UW sophomore Katie Follett turned in the performance of her career with a second-place finish in a personal best time of 20:17 over the 6,000m course.

Early race leader Anita Campbell, who surged out to a 40-meter lead in the early stages before being caught at the two-mile mark, followed Follett. Campbell finished sixth in 20:32.

Turning in another outstanding run was freshman Marie Lawrence, who finished 13th in 20:48. Lawrence debuted at the Sundodger Invitational two weeks ago and has gone under 21-minutes in both of her outings thus far.

Rounding out the top-seven for the Huskies were Amanda Miller in 22nd place (21:03), Trisha Rasmussen at No. 50 (21:28), Lauren Saylor at No. 53 (21:29), and Danielle Schuster in 63rd place (21:37).

The Husky men, ranked 30th, placed seventh out of 15 teams, upsetting 22nd-ranked Cal Poly in the process. Every team that finished ahead of the Husky men was ranked in the top-21 of the current coaches' poll. Third-ranked Oregon took out top-ranked Wisconsin for the title, 54 points to 73. The Huskies finished with 176 points.

Leading the Husky men was sophomore Kelly Spady as he placed 21st in a time of 23:57. Junior Jon Harding followed up his record win at the Sundodger with another strong showing, placing 27th in 24:01. Senior Carl Moe ran third for the Dawgs, placing 33rd (24:07) while freshman Max O'Donoghue-McDonald took 44th (24:20). Riley Booker (51st), Brian Govier (66th), and Adam Shimer (74th) rounded out UW's top-seven scorers.

Winning the men's 8,000m race was Matt Withrow of Wisconsin in 23:20. First place in the women's run went to Oregon's Nicole Blood in 20:04.

The competition gets tougher for both the Cougars and Huskies. The Pre-National meet in Terre Haute, Ind. on Oct. 13 is held at the site of the NCAA Championships and features a loaded field of teams trying to maneuver for possible at-large spots. Eastern Washington will stay home and host their own invitational on the 13th.

The sports information offices of Eastern Washington University, Washington State University, the University of Washington, and the media services department of the IAAF contributed to this report.

Wednesday, September 26, 2007

Brad Walker named USATF Athlete of the Week...

INDIANAPOLIS - Brad Walker (left, /photo by Paul Merca) has been named USA Track & Field's Athlete of the Week after winning the men's pole vault at the 2007 World Athletics Final in Stuttgart, Germany on September 23rd.

The reigning World Indoor and Outdoor champion, Walker won the men's pole vault with his clearance of 5.91 meters/19 feet 5.75 inches, topping the rest of the field by 5 cm. Walker, who owns the top two clearances in the world so far this year, equalled the #3 performance with his winning effort at Stuttgart.

Now in its sixth year, USATF's Athlete of the Week program is designed to recognize outstanding performers at all levels of the sport. USATF names a new honoree each week and features the athlete on the USATF website. Selections are based on top performances and results from the previous week.

Release courtesy Vicky Oddi, USATF Communications.

Tuesday, September 25, 2007

Dawgs at Dellinger; Wazzu at Griak Saturday...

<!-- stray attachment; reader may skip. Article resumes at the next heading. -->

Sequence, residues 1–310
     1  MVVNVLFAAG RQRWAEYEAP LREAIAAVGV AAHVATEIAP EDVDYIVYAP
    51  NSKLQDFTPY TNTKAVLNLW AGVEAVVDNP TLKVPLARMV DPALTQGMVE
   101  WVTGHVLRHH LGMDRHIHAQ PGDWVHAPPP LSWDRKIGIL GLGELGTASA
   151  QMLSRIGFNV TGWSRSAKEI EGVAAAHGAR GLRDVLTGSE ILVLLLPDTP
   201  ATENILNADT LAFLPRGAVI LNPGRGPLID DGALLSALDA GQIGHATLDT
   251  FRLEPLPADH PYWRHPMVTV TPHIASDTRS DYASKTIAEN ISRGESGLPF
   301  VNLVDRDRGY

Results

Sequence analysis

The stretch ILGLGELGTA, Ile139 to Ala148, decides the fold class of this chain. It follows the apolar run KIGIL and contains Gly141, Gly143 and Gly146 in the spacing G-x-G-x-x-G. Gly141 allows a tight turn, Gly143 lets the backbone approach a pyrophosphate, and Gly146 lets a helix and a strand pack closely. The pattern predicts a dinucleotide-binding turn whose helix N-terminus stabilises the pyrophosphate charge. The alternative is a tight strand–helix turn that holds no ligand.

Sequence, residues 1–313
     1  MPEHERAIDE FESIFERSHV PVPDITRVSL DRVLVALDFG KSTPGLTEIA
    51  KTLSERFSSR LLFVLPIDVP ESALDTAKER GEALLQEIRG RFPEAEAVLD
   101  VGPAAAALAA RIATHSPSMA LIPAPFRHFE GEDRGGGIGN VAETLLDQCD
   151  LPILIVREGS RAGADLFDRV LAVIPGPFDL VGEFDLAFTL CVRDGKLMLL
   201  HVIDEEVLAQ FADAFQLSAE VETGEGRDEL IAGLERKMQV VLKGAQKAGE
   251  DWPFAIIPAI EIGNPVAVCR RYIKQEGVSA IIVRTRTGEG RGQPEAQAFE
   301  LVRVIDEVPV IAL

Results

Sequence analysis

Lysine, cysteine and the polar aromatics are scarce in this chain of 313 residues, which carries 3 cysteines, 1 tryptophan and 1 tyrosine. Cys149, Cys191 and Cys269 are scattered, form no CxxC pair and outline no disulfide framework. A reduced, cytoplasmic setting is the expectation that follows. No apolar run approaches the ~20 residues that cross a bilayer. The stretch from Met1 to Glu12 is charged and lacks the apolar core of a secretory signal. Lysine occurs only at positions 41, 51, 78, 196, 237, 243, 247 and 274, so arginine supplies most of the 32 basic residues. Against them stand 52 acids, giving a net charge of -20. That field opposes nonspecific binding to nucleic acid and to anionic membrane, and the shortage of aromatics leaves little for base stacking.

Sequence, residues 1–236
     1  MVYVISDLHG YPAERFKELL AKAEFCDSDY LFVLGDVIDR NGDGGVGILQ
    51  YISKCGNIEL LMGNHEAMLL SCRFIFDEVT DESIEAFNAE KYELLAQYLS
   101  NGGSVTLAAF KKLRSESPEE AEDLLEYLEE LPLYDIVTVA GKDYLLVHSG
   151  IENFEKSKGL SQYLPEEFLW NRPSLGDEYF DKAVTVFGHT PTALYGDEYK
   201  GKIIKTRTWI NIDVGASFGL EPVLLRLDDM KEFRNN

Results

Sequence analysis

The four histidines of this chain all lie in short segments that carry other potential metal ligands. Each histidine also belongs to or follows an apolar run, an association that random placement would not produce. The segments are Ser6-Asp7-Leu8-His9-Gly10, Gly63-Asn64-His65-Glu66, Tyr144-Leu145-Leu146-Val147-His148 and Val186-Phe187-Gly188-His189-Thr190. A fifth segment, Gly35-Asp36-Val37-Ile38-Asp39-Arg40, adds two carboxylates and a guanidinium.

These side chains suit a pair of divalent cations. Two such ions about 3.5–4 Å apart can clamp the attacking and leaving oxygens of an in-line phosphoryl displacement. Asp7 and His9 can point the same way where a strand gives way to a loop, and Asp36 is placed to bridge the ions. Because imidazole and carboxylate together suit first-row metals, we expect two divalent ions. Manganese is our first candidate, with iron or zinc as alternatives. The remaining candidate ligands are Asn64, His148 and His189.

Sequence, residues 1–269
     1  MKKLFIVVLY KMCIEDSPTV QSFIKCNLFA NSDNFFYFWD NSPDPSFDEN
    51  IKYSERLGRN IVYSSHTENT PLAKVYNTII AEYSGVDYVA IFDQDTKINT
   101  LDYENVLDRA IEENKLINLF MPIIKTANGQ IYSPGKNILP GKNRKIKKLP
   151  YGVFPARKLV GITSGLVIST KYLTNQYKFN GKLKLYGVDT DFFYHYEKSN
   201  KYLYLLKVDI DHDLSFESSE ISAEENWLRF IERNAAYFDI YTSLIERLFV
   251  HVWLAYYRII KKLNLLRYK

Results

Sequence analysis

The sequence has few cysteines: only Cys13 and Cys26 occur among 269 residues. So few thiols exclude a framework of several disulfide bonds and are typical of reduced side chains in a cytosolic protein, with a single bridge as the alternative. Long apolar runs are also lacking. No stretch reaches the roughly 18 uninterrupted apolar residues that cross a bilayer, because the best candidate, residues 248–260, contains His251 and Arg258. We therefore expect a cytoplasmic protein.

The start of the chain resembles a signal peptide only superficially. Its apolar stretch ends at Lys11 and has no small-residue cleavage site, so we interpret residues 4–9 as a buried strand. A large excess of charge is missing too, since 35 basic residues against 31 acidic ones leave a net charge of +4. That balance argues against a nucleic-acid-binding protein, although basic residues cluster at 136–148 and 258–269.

The University of Washington cross country teams, led by Canadian Anita Campbell (left, /photo by Paul Merca) head south to Oregon to compete in the high-powered Bill Dellinger Invitational in Springfield on Saturday, while other members of the Husky harrier squad will run in the Willamette Invitational up the road in Salem.

Besides the Huskies (12th) and the host Ducks (fifth), the Dellinger’s 15-team men’s field features five other teams that competed in the 2006 NCAA Cross Country Championships – Wisconsin (second), Cal Poly (13th), Portland (18th), UCLA (23rd) and Alabama (31st) – and will be joined by Colorado State, Duke, Georgia, Marquette, New Mexico, Ohio State, Utah State and UTEP.

In the just-released USTFCCCA college coaches polls, Wisconsin is ranked #1, with Oregon #3, UTEP #6, Portland #11, Alabama #17, UCLA #21, Cal Poly #22, and the Huskies staying at #30.

Saturday’s 15-team women’s race field features five top-30 NCAA team finishers from 2006, including No. 4 Arkansas, last year’s meet champion that later finished fifth in the NCAA Championships. Additional returning 2006 NCAA Championships women’s team qualifiers include Georgia (15th), BYU (22nd), Colorado State (24th) and Wake Forest (27th).

In the recently released USTFCCCA poll, the No. 24 ranked Ducks are one of six top-30 ranked women's teams that will be on-hand Saturday. The high-caliber field features No. 4 Arkansas, No. 15 Georgia, No. 17 Washington, No. 18 BYU, and No. 21 Colorado State, Other teams slated to compete include Marquette, Montana, New Mexico, Oregon State, Portland, UCLA, Utah State, UTEP and Wake Forest.

While the majority of the Husky team will run in Springfield, another group of UW runners will run in the Willamette Invitational, competing against other Northwest colleges, including Central Washington, Pacific Lutheran, Puget Sound, Seattle University, Spokane CC, Everett CC, Gonzaga, and a partial team from Washington State.

The majority of the Cougar cross country team will head east to Minneapolis to run in the Roy Griak Invitational, one of the country’s top invitational meets.

NOTE: The sports information offices of the University of Oregon, University of Washington, and Washington State University contributed to this report.

Monday, September 24, 2007

Great article on on the "Black Cactus"...